Mac Week: Could it be magic, now? The last decade of Mac keyboard evolution


Making magic takes time, you know

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Some say Apple perfected the keyboard in 2007. We’re not one of them, which is why we’ve spent more money than we care to think about getting my supple digits accustomed to different Mac keyboards throughout the years.

The Cupertino, California-based firm pulled off a one-two sucker punch in 2015 by launching not one, but two new keyboards for the first time in eight years. Both the 12-inch MacBook and the new Magic Keyboard have proved divisive affairs with their low-slung keys, shallower than your average reality TV star.

The question is: are Apple’s keyboards getting better, or worse? Let’s look back at offerings we’ve owned in the last decade-plus, in addition to glossing over Apple’s latest Magic Keyboard.

This article is part of TechRadar’s Mac Week. This year marks not only the 10th anniversary of Apple’s unibody MacBook, but the triumphant return of macOS. So, TechRadar looks to celebrate with a week’s worth of original features delving back into the Mac’s past, predicting the Mac’s future and exploring the Mac as it is today.

Apple Wired Keyboard (2003)

Apple Magic Keyboard

You can almost imagine the 2003 version of Apple’s Wireless keyboard in a modern art exhibition next to Tracey Emin’s bed.

“Here lies a keyboard with the crumbs of a thousand lunches visible though its transparent base”, a totally plausible sign could read.

Transparent cases were the norm for Apple back in 2003, following its iMac G3 and PowerMac G3 computers of the era, and this keyboard looked pretty cool at the time. It packed the standard features you’d expect from a full-sized wired keyboard, including two USB ports and full-size number pad.

Although nowhere near as satisfying to type on as today’s mechanical keyboards, its spongey keys offered more travel and resistance than your average membrane keyboard and made for a curiously fulfilling typing experience.

  • Comfort rating (5 being most comfortable): 3.5
  • Travel rating (5 being deepest): 5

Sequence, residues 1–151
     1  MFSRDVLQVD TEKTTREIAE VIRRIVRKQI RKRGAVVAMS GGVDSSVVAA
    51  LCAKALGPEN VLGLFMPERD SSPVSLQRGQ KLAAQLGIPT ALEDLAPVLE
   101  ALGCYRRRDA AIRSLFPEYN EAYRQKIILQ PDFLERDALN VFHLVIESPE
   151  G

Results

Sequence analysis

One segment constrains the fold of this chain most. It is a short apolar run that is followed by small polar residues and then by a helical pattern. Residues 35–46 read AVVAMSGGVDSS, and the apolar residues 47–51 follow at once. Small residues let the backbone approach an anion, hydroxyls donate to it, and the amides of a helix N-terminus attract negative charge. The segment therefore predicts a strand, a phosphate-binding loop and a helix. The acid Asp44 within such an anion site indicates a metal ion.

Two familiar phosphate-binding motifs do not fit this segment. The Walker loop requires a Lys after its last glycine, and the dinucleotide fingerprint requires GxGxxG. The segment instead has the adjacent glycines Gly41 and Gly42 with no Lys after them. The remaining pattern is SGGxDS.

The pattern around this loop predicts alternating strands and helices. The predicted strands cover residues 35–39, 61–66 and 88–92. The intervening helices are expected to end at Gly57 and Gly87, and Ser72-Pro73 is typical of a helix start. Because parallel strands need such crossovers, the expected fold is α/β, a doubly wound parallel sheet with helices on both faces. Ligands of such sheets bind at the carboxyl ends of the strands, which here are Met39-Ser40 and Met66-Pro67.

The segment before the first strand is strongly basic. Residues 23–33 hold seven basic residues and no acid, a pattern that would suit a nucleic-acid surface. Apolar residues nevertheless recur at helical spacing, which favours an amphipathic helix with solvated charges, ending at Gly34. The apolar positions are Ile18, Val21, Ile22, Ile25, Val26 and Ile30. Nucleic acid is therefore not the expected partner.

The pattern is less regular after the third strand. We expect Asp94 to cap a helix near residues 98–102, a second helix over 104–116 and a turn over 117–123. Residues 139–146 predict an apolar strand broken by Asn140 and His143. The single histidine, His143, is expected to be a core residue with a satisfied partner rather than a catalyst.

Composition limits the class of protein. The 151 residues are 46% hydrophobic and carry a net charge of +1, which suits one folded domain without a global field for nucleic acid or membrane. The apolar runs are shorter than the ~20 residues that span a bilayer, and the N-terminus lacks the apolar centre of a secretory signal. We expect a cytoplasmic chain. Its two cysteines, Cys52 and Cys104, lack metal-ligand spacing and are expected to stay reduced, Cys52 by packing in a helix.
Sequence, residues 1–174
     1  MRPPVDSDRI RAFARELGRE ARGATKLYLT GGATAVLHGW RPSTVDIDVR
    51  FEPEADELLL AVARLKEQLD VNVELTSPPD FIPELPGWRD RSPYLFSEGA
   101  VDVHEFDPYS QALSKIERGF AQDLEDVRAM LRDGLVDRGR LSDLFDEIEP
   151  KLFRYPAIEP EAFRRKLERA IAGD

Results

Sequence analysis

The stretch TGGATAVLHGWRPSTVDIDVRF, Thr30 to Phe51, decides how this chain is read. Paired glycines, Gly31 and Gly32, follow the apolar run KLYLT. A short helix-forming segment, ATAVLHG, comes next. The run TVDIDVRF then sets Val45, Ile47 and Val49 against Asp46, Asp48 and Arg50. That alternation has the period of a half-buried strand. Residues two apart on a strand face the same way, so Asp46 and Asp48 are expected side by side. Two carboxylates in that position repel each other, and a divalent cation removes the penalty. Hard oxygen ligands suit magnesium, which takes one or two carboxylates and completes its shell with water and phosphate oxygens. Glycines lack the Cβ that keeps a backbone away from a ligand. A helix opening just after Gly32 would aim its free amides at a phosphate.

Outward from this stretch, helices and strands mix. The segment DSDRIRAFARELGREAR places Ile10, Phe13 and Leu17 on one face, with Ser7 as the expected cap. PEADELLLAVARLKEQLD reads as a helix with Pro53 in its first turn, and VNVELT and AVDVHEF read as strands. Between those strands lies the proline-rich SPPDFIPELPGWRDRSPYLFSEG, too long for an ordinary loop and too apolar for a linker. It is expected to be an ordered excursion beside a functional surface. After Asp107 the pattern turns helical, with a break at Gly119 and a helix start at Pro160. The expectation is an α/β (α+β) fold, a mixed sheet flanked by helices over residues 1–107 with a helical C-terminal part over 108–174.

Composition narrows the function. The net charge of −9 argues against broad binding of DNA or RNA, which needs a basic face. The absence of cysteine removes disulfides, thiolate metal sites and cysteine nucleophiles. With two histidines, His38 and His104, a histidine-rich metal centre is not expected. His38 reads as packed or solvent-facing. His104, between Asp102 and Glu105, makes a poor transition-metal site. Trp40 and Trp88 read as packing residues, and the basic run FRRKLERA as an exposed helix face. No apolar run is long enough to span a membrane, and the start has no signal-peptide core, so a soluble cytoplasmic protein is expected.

Apple Keyboard with Numeric Keypad (2007)

Apple wired keyboard

Like an accountant in a Bugatti, Apple’s wired aluminum keyboard both oozes cool and can help you do your tax returns, thanks to its numeric keypad. Flatter, lighter and generally miles better looking than its 2003 predecessor, its 40 centimeters of sturdy metal build quality also make it a formidable weapon in the wrong person’s hands.

Perhaps surprisingly, it remains Apple’s most recent wired keyboard following the company’s decision not to refresh it in 2015. Which is just as well, as its comfortable keys, handily located USB ports (one on either side) and compact nature make it a treat for the fingers and the eyes.

  • Comfort rating (5 being most comfortable): 4
  • Travel rating (5 being deepest): 3

Apple Wireless Keyboard (2007)

Apple wireless keyboard

Toting a similar design to Apple’s other 2007 aluminum keyboard (you know – the wired one), Apple’s Wireless Keyboard repositioned the arrow keys and removed the number pad to create a compact classic. So good, it was even worth raiding the bottoms of drawers for eight years to find re-chargable batteries with remaining fizz.

The Wireless Keyboard was so popular that early iPad cases literally bent over backwards to accommodate it. In 2012, this editor backed a Kickstarter-funded case called the TypeCover that transported both an iPad and wireless keyboard at the same time. It was expensive and rubbish, but it worked, and showed the lengths people were prepared to go to carry around their favorite hunk of metal.

  • Comfort rating (5 being most comfortable): 4
  • Travel rating (5 being deepest): 3

MacBook Air keyboard (2011)

Apple MacBook keyboard

Call time; we have a winner. For us, the 13-inch MacBook Air remains the king of Apple keyboards. It’s hard to put a finger – what’s that, a typing pun? – on just what makes it great.

Is it the subtle curvature of the Air’s chiclet-spaced keys, which possess a near-perfect amount of just-shallow-enough travel? Or perhaps it’s the spacious and comfortable aluminum wrist rest that aids you as you type. It could even be the way the keys wobble like an excited jelly.